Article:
Piece of nuclear history springs back to life
It was hiding in plain sight in a side room at MIT’s Nuclear Reactor Lab, covered with a thin layer of metal panels that made it look like an oversize storage cabinet. But inside that plain metal box was an important piece of history—and a potential boon for MIT’s research and education programs in nuclear engineering.
The box contained a graphite exponential pile—a smaller-scale version of the device physicist Enrico Fermi built under the stands of the University of Chicago’s football stadium to usher in the atomic age. Fermi’s 1942 experiment used graphite to slow down neutrons emanating from a radiation source by a factor of more than a million. That got them to interact with atoms in rods of uranium inserted into the pile, initiating the world’s first controlled nuclear fission chain reaction. It proved the theories that led to the first atomic bomb and, not long after, the first nuclear power reactors.
In the following years, after the secrecy of the wartime research was lifted, universities and research labs around the country rushed to build their own graphite piles—smaller versions that wouldn’t produce chain reactions but could advance research in this nascent technology. At least 25 were built, says Kord Smith, NUE ’79, SM ’79, PhD ’80, MIT’s KEPCO Professor of the Practice of Nuclear Science and Engineering. But by the early 1960s, the nuclear power industry had settled solidly on a different approach to designing fission reactors, using either ordinary water or heavy water (made from oxygen and deuterium, the heavy form of hydrogen) instead of graphite to slow down neutrons and facilitate fission. Within a few years, most of the remaining graphite piles were dismantled or mothballed.
MIT had been one of the first to build a graphite pile, in 1957, and that device was the largest built after Fermi’s, at half the width of the original. It was shut down like the others, apparently in the early ’60s, and there it sat, forgotten, until Professor Michael Short of NSE wondered what was inside the mysterious box.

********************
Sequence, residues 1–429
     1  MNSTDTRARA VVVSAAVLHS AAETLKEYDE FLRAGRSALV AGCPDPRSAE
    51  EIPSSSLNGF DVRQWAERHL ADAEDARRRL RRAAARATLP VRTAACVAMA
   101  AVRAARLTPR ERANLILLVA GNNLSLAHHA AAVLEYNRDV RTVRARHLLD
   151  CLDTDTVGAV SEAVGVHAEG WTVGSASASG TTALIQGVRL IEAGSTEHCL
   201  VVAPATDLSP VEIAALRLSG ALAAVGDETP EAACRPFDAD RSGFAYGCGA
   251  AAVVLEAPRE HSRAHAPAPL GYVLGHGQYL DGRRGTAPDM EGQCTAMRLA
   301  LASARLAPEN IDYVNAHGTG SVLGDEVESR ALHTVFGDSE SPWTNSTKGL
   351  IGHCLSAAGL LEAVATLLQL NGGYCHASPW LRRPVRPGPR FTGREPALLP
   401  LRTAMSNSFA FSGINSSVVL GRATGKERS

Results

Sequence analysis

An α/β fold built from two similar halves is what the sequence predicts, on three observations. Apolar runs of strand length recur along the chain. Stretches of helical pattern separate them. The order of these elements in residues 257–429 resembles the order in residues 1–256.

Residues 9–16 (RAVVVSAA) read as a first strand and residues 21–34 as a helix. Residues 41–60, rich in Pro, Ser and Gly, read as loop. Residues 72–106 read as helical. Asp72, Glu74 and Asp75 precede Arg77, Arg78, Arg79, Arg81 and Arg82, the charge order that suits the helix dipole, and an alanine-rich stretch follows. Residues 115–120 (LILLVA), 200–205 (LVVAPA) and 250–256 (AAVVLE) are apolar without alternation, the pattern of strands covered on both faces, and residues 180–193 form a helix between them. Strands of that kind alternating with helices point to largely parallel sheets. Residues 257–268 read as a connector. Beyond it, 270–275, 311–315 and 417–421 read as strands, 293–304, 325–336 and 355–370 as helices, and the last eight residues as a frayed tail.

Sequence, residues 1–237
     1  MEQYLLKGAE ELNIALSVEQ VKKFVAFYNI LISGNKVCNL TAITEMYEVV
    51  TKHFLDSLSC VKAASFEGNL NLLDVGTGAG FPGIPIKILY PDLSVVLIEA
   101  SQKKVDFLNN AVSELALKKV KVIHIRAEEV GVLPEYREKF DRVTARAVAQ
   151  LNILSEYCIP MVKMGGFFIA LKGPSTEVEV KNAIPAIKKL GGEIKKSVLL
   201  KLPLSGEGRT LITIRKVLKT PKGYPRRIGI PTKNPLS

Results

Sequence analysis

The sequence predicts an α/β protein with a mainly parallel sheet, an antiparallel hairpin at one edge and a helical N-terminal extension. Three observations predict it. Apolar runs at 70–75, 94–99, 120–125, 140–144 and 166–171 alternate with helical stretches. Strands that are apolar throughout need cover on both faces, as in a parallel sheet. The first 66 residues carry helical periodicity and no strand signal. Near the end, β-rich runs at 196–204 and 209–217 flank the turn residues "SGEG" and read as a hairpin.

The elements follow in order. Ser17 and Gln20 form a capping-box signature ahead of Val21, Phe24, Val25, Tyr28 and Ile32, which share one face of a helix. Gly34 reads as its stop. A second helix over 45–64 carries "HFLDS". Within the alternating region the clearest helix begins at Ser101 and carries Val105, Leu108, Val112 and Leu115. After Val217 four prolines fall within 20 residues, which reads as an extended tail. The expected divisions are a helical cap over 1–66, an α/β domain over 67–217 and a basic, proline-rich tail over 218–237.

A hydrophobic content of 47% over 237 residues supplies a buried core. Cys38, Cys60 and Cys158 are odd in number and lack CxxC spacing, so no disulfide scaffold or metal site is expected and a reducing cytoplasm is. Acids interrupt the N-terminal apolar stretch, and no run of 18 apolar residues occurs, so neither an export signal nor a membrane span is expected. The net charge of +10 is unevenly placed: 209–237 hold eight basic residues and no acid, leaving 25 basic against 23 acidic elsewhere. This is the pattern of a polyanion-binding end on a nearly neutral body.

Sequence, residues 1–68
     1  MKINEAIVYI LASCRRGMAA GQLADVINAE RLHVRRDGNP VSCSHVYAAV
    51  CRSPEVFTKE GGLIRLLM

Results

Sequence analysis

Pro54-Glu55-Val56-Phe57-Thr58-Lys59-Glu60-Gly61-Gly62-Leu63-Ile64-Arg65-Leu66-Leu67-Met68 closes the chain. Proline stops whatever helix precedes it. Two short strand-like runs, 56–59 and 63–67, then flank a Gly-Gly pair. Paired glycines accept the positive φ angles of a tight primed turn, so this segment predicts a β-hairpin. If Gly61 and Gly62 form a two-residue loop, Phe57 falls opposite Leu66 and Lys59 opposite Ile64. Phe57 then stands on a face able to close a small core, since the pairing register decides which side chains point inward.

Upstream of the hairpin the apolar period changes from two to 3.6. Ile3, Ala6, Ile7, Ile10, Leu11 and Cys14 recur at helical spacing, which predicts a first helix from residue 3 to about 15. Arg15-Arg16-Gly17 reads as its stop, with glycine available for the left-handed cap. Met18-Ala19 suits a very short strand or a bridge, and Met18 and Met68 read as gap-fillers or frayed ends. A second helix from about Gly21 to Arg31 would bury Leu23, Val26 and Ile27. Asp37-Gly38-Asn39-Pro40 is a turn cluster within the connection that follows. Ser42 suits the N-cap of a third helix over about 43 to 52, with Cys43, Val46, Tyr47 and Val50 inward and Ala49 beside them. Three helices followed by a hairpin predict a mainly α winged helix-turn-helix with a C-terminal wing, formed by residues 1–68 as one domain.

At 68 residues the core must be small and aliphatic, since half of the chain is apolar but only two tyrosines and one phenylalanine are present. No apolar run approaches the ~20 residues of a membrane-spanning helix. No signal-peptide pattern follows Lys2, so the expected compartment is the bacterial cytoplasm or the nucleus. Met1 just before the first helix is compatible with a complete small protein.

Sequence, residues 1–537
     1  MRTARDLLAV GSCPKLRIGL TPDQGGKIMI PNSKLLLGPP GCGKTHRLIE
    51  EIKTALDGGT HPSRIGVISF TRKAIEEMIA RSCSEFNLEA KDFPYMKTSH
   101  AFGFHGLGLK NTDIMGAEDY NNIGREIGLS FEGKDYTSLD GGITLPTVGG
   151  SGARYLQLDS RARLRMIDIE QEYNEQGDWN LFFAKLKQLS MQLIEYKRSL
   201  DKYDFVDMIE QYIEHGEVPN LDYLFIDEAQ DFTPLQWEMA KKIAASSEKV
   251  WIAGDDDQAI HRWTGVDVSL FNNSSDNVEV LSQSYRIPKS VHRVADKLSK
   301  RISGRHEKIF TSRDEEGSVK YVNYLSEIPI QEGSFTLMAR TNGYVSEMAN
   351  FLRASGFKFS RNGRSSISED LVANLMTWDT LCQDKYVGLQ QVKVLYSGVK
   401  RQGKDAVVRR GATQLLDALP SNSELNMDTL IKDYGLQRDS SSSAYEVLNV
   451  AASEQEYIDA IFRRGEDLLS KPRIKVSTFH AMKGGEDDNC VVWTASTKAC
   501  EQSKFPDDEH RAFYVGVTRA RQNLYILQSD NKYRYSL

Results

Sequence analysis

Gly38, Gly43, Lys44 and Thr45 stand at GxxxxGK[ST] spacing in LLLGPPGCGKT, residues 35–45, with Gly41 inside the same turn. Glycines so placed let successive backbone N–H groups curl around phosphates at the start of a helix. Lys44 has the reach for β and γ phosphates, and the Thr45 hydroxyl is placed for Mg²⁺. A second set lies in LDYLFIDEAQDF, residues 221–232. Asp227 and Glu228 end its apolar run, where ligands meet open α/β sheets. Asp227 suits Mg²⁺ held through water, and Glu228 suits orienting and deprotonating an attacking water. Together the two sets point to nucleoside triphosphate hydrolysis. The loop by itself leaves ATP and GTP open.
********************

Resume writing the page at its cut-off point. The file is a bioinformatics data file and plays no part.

“It was hard to believe that I was unaware of the existence of this unique device, despite having been in Nuclear Science and Engineering as a student and having maintained a long-running association with NSE,” says Smith, who has taught in the department since 2011. But once he knew it was there, he was off and running with plans to get it back into operation—partly because he knew, from using one at Kansas State in the 1970s, how useful it could be for research and education, and partly to celebrate the 75th anniversary of Fermi’s experiment.
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The device is essentially a large cube-shaped pile of blocks made of pure graphite—the same material found in pencil “lead”—with holes drilled through to allow insertion of the uranium rods. Made from natural, unenriched uranium, they emit such low levels of radiation that they can be safely handled with bare hands, Smith says, which is what Fermi and his collaborators did in 1942.
This is not just a bit of nostalgia or a museum piece, however. Many newer reactor designs, such as pebble-bed reactors designed to be inherently safe and meltdown-proof, rely on uranium fuel pellets with graphite cladding. But there are very few places today to carry out basic research on graphite’s behavior in a nuclear fission environment.
MIT’s graphite pile, made of 30 tons of pure graphite bricks and 2.5 tons of uranium, has now been brought back into working condition, and NSE members conducted a ceremonial re-creation of Fermi’s historic experiment at the exact moment of the event’s 75th anniversary, on December 2, 2017. That marked the beginning of the pile’s new life.
Whereas experiments in major national nuclear research facilities require months of planning and stringent application processes, students will be able to build, test, and get results from experiments in the graphite pile within days, Smith says. It will also give them hands-on experience with operating a reactor.
Students were slated to use the pile in May to make radiation measurements in situ; in the fall, two NSE courses will use it. The students’ excitement is tremendous, Smith says: “They all want to load fuel themselves!”